PFAU: You can give yourself a better quality of life if you have a higher level of confidence that you’re not going to run out of money. That’s the danger of an investment portfolio only approach—you’re keeping that longevity risk and market risk on yourself, and people are too afraid to spend the money on the things that truly make them happy.
You might want to think about not having stock market investments responsible for supporting essential expenses. Instead, look at Social Security benefits, and if there’s still a gap and you would like to have additional reliable, guaranteed income to help cover the basics, that’s a great opportunity to look into some form of an annuity that offers guaranteed lifetime income—whether that’s an immediate annuity or a fixed, index or variable annuity with a guaranteed lifetime withdrawal benefit.
Q: What is the case for meeting the need for guaranteed income with annuities?
FINKE: If you’re realistic about the returns you could get on traditional retirement investments today, then you need to look for different strategies to get more dollars of income per dollar of retirement savings. And really, in our view, the only way to do that effectively is through some form of annuity that offers guaranteed lifetime income.
When people are worried about outliving their money, they could easily fall into a situation where they become unwilling to spend an amount equal to what they could reliably receive through an annuity. By pooling longevity risk with other annuity owners, the retiree is able to lessen the worry that they will have to live only on Social Security if they run out of savings.
PFAU: With a variable annuity with a guaranteed lifetime withdrawal benefit, for example, you’re less exposed to what happens to your own portfolio with respect to income. (Of course, your principal is subject to potential loss.) If your portfolio is decimated by events in the market, that income guarantee becomes very valuable. You’re shifting risk onto the insurance company.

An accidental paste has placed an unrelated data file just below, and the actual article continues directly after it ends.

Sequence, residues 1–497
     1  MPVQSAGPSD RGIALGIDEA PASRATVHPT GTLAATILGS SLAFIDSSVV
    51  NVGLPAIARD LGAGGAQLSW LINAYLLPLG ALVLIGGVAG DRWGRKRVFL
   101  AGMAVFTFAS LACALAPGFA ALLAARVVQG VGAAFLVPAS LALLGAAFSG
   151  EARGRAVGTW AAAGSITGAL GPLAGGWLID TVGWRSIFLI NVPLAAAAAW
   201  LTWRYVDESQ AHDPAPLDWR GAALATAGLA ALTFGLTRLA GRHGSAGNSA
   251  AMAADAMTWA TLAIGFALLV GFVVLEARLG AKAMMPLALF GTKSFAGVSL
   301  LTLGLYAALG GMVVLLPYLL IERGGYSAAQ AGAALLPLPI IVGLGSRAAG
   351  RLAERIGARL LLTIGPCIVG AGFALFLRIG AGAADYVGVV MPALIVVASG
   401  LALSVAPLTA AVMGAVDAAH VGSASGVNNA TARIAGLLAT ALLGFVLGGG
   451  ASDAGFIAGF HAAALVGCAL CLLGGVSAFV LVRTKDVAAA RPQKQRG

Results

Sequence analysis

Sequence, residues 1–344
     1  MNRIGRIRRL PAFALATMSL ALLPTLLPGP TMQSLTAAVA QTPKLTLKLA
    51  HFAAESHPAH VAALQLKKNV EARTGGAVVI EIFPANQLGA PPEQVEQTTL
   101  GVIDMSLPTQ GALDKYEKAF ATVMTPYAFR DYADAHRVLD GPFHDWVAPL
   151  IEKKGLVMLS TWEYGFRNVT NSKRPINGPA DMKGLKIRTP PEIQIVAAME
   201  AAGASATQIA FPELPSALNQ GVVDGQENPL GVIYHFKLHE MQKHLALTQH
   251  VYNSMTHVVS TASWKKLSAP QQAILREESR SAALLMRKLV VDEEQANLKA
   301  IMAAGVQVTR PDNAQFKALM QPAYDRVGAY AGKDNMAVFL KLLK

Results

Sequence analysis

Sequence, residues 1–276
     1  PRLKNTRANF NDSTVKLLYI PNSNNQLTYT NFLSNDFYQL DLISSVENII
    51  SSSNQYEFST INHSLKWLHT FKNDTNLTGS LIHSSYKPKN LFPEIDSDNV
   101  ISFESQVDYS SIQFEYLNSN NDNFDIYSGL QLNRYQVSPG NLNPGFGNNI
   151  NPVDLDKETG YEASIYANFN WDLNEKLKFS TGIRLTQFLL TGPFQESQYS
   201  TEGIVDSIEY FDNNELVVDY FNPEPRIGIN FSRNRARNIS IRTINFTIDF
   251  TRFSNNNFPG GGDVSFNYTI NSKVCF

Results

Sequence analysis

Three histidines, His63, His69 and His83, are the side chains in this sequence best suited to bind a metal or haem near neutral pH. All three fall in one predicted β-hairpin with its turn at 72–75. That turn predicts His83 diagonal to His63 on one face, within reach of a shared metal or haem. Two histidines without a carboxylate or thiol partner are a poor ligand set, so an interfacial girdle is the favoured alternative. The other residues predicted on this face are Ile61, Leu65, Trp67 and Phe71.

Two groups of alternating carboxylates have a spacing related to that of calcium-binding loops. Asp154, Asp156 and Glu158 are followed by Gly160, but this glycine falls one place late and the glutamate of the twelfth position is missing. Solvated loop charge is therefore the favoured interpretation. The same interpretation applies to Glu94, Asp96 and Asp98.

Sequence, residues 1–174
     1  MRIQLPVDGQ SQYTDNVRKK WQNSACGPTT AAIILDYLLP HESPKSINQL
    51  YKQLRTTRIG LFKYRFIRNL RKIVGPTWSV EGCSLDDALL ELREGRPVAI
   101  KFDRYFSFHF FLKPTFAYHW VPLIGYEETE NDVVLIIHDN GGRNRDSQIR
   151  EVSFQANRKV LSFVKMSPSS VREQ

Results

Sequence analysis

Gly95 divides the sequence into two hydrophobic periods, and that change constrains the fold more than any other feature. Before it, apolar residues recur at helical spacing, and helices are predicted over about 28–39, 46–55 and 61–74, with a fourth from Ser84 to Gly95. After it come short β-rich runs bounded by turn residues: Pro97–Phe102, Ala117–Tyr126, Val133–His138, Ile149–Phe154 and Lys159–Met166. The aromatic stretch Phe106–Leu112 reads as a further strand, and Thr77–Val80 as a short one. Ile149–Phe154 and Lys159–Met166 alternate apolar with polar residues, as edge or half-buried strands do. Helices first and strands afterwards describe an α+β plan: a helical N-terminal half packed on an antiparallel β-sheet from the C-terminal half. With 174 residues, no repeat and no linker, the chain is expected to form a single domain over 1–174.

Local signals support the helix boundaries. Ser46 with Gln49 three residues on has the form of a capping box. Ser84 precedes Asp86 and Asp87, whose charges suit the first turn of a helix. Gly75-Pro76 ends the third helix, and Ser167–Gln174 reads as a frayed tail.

New Retirement Reality Requires a New Mindset
Q: Ultimately, how can financial professionals and clients shift their mindsets from the retirement of yesterday to the retirement of today, keeping the need for income that lasts a lifetime top of mind?
FINKE: This whole defined contribution system is a relatively new thing. And a lot of advisors are having to reframe the way they think about how they’re advising clients during both the accumulation stage and the decumulation stage. What we’re trying to do is provide an education so that advisors understand how to put together a plan for their clients during the decumulation stage. Annuities are obviously a part of that education.
PFAU: In the past, people weren’t living as long and were just thinking about getting a little extra income five or ten years out from their investments. Now, people rely on their own investments for increasingly longer retirement timeframes, so they need to think about more than just an investment portfolio. They have to recreate that traditional pension on their own—and annuities can be an effective tool to help achieve that.
Q: What would you say to a financial professional who traditionally has not been drawn to annuities?
PFAU: If they’re truly dedicated to their clients’ best interests, they’ll have to overcome whatever biases they may have. They have to understand how retirement is different for their clients. Investment volatility at that point can severely disrupt retirees’ standard of living. They need to pursue a strategy for their clients designed to manage all those risks that are different from pre-retirement risks. And for some of their clients that will likely include some risk-pooling via some sort of annuities.
Q: Any final thoughts with respect to helping individuals as they near retirement?
FINKE: I think the most important thing is that you have a strategy. Very often, people will simply spend the amount they are required to withdraw from their IRA after age 70. Or they won’t enjoy retirement because they don’t feel comfortable spending down assets. That’s not a very good plan. Decide at the outset how you want to live in retirement and build the most efficient strategy that can allow you to get the most dollars from your savings and investments in the most reliable fashion possible.
We’re trying to provide an education so advisors understand how to put together a plan that is best for their clients during the decumulation stage. Annuities are obviously a part of that education.